sarajevo life in two acts


a refugee of the Bosnian war returns home to face what cannot be forgotten

Illustration by Joe Sacco from The Fixer, Drawn & Quarterly, 2004 (www.drawnandquarterly.com)

excerpted from the print magazine…

First Act
Even seven years after I left my hometown Sarajevo to become one of the marbles in the great world mosaic of emigrants, I still feel guilty about living somewhere other than Bosnia.

Yes, I know I am not the only one who chose to move from the insecurity of a war at home to the big world of possibilities. I am not the only one who followed the instinct to escape and forget. I am just one of the three million Bosnians living abroad since the war.

By the way, Goran, I say to myself, don?t forget that every fifth inhabitant of the Earth carries a passport different from that of his or her country of origin.
But these facts still don?t alleviate the feeling of being a traitor that must reside in every emigrant. ?Once you experience ten days? delay in the arrival of the present you sent to your father for his birthday,? my friend, the sculptor Sasha Bukvic, tells me, ?you can?t feel otherwise than as a traitor.? Or when the telephone is the only connection with your previous life, your family and relatives still living in the country you were born in.

But if that is the only burden carried from your previous life, then you can consider yourself a happy person.

Since new wars replace old ones so fast, the fear of forgetting recent history is one of the most justified fears we face. The lesson we learned at school was that Historia est magistra vitae ? history is a great teacher. Even I have some doubt in that Latin sentence, whether because we are bad pupils or history is in fact a bad teacher. Because of my doubt, I have a need to repeat some of the facts that shouldn?t be forgotten.

Not one day passes that I don?t remember the victims of grenades and sniper bullets that were fired by the Serbian Army from its position surrounding Sarajevo. For four years they treated the civilians as clay pigeons. I can describe the black statistics of war by recalling just the first year:

My mother died. She couldn?t stand another war fifty years after she survived WWII. My brother was badly wounded by a sniper bullet. He died five years later because he never fully recovered. The architect Brankica was killed by a grenade just after her husband died, leaving two seven-year-old kids. Edo, a sixteen-year-old technician, was shot by a sniper while washing his favourite Rolling Stones T-shirt on his terrace. Our neighbour, father of three daughters, was shot while tying his shoelaces on the street. Admira and her six-month-old baby were killed by a grenade that flew into her house while she was feeding the child. These were some of the civilians I knew, not to mention the soldiers whom I did not know. And the horror stories that came with refugees from small Bosnian towns about slaughtered families and entire villages in flame. For us, who knew nothing about war, it seemed that even our darkest imagination was nothing in comparison with reality.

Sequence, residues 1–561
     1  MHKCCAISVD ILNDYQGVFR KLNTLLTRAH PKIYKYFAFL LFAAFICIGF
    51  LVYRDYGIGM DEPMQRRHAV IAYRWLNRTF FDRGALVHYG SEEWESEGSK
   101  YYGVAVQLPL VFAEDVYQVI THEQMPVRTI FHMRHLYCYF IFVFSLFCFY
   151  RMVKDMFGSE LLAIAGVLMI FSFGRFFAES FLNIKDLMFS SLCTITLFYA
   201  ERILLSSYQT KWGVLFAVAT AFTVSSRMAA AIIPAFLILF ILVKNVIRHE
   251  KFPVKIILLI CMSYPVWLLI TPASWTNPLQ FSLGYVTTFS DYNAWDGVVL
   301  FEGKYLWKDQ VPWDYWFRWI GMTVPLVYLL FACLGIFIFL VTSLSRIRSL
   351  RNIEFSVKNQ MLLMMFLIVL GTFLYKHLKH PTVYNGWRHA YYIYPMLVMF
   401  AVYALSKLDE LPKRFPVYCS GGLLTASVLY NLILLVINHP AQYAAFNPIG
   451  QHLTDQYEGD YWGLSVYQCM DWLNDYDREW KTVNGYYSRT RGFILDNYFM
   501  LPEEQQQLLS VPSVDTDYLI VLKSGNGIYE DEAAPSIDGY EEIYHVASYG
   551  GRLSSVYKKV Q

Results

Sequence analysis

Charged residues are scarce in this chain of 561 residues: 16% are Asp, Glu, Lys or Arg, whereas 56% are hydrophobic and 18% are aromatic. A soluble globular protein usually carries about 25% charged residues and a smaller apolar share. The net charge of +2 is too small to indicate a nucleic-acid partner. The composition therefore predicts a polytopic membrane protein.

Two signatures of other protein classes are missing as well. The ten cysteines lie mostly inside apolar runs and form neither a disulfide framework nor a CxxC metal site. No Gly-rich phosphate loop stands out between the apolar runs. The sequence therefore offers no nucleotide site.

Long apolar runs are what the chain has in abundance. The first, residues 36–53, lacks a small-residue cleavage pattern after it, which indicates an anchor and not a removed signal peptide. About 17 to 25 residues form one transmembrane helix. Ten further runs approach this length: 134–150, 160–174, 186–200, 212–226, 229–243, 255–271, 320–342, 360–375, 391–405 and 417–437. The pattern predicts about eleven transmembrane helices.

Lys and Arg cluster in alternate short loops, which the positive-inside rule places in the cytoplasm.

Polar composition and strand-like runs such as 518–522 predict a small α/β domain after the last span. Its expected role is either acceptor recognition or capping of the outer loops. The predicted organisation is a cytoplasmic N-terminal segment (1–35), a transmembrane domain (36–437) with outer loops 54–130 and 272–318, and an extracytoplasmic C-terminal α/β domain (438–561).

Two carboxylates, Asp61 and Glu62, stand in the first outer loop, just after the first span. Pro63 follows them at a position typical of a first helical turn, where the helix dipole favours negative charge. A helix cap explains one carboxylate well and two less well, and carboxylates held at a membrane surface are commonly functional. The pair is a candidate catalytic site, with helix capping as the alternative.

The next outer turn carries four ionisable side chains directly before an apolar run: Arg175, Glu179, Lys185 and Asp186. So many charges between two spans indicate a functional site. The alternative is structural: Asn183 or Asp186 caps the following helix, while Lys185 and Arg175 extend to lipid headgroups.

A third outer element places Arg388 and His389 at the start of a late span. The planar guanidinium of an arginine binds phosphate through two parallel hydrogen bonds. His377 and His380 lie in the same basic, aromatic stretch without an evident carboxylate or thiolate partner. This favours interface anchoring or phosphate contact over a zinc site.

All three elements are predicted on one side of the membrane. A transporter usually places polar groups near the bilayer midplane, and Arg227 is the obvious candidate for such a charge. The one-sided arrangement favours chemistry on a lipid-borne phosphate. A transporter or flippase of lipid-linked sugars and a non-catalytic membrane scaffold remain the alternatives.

Living through that period without any running water or electricity, with the telephone line cut off and surviving on food from UN humanitarian aid programs, we learned that human life is cheap.

I was a Serb endangered by other Serbs, since I had children with a Muslim wife, and rejected Serbian nationalistic euphoria, believing instead in a multireligious Bosnia.

But every time I think about the horror of those days, strangely, I can?t help but smile. If war hadn?t happened, I wouldn?t have learned what precious neighbours I had. We all became specialists in categories we never dreamed of and we shared our knowledge. Since my first duty in the morning was to collect water in plastic canisters at the public wells provided by the UN (which took me at least a few hours), I would bring the water to my neighbour Krkalic, who was too old to go himself. His sister taught me how to make a meal for four people using just one small can of meat. Another neighbour, Velo, taught me how to connect my radio transistor to the dead telephone wires and make it work without using batteries. I made him a little woodstove using an empty tin can. It was not enough for cooking meals but it could make tea or coffee. I wouldn?t have discovered my mason?s skills if a grenade hadn?t destroyed the entire wall of my first-floor neighbour?s apartment. He, in turn, wouldn?t have discovered his skill to wrap perfectly in plastic foil my windows broken by bullets?


Goran Simic was born in Bosnia-Herzegovina on October 20, 1952. His poetry, essays and reviews have appeared in all the prominent journals of the former Yugoslavia as well as publications abroad. He has also written short stories, plays and radio plays, and was the editor of several literary magazines. He came to Canada as a landed immigrant in February 1996 under the auspices of PEN Canada. His most recent book of poetry is Immigrant Blues, published by Brick Books, 2003.

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